You would think from all that you have read that I’m a fantastic shot. Unfortunately, that’s not the case I’m afraid. I wish I was! Get used to having the same conversation with your fellow guns between drives or during a break on a rough shoot describing how you know what you are doing wrong but no matter how hard you try you just keep making exactly the same mistake as you did for the previous shot. It can become incredibly frustrating especially as your friends are dropping their targets with apparent ease around you. Please do remember, it only looks as though they are!
Practice is best conducted at a clay range. Make sure the range you go to can provide targets that are commensurate to the quarry, in speed and height, that you will be shooting on your outing. Don’t restrict yourself to only shooting those types of targets. Try the skeet and trap options as they will assist you in developing instinctive shooting. Get down as often as you can. The rewards will be evident when you get out for real game when the season arrives.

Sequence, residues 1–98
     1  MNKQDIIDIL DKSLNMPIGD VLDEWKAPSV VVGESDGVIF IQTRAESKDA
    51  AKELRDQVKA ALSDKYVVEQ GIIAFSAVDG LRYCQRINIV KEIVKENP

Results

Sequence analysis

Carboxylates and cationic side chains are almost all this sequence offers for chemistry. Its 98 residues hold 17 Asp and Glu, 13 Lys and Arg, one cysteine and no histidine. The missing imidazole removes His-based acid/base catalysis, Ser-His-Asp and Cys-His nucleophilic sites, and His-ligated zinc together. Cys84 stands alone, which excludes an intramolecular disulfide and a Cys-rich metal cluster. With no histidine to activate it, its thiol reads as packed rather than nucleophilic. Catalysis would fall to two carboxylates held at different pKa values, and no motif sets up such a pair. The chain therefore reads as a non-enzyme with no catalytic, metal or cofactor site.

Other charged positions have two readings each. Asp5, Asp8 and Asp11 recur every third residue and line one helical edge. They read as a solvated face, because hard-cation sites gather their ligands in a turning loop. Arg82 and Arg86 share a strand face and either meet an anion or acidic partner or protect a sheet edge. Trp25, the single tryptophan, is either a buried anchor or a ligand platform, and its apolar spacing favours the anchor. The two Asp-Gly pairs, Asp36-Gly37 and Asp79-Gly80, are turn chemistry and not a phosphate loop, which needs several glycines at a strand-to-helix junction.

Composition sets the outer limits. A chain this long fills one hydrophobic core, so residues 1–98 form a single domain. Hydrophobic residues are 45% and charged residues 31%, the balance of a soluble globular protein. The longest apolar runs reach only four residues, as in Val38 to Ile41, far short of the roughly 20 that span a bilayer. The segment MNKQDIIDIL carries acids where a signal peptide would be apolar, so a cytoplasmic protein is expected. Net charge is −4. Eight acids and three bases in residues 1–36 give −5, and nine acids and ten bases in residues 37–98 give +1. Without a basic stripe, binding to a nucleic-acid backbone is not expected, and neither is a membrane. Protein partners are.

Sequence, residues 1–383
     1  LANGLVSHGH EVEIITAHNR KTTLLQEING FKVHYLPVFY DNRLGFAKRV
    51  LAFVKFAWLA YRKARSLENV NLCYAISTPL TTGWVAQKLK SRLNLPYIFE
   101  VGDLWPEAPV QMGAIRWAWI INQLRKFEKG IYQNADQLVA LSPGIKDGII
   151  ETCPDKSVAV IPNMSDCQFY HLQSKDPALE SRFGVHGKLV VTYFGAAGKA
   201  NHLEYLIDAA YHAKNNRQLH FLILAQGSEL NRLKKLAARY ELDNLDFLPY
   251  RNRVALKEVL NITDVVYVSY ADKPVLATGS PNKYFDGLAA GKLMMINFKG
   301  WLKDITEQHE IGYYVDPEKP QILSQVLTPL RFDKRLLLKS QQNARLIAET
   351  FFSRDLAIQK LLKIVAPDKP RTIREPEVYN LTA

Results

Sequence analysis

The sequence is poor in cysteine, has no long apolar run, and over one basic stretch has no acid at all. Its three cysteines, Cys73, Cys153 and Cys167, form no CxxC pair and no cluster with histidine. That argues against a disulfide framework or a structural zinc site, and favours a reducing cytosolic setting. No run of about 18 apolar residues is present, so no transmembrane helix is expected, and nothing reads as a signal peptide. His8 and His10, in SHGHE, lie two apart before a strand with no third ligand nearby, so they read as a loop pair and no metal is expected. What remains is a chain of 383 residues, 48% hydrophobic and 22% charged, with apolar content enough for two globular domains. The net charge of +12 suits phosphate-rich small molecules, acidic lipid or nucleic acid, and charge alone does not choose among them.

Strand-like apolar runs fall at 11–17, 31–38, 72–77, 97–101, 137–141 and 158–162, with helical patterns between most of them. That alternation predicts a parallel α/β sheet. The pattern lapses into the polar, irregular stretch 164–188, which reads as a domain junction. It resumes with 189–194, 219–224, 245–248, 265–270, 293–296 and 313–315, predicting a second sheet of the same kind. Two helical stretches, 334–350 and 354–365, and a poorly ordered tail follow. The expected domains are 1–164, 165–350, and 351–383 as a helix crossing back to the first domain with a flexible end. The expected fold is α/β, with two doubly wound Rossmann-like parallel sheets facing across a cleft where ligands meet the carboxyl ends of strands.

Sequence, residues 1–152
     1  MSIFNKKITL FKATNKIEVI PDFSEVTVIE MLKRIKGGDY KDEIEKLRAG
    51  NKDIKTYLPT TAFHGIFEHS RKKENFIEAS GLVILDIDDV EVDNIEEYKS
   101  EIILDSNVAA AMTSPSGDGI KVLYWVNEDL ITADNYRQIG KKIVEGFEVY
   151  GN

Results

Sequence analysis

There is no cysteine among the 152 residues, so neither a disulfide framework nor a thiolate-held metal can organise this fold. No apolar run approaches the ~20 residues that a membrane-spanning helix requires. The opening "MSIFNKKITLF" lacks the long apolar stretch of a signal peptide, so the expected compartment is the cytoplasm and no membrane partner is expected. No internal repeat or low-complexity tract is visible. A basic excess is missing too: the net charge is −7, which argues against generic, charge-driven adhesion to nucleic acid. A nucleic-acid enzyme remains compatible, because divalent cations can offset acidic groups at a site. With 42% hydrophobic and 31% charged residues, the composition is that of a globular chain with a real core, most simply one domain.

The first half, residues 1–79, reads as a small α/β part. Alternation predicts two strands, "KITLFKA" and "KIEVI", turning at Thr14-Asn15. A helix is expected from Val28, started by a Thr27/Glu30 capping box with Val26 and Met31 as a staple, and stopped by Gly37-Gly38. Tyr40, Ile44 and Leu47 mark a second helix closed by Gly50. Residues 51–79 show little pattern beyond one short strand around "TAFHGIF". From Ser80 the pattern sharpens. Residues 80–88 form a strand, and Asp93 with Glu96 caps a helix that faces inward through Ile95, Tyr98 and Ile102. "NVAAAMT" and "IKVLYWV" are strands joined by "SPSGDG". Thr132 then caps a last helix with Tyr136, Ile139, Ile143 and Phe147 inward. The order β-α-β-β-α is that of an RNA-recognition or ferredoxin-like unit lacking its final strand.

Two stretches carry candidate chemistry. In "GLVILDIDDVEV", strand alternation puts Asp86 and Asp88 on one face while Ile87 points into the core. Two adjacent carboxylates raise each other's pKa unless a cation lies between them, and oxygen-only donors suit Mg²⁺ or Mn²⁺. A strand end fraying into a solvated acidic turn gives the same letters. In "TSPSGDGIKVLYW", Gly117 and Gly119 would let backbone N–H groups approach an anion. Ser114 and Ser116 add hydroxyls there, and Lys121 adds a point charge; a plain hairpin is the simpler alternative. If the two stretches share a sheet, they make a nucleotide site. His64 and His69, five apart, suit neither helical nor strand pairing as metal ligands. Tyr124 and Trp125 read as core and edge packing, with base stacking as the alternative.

With the basics covered and you can now shoot and handle your gun safely its probably worth thinking about first aid for a moment. Incidents do happen. It might be unrelated to the gun or any injury resulting because of shooting but equally it might not. Shooting game in field conditions takes you onto ground that, wait for it, is often uneven, slippery and steep. Someone may simply take a pretty hard tumble but its always a possibility that someone might get hit by a small or large amount of shot. Current fears for clubs and associations is that if they attempt to administer first aid to someone, they could be sued for any perceived negative side effects of that treatment. I’m sure some ungrateful people might sue a friend for breaking a rib or two whilst giving life saving CPR but I also believe that most of us have enough common sense to see the benefits over the negatives. Obviously you can't give paramedic level trauma support if you don’t know any but do try and get onto a first aid course which is more intensive than how to use a first aid kit sold in the local supermarket as if that’s all that’s required the victim can hold on until they get home! If you really aren’t keen to provide life saving first aid to someone due to fear of what might happen its still worth learning some as maybe you will be able to apply it to yourself. I have on three occasions and it definitely saved my life on one.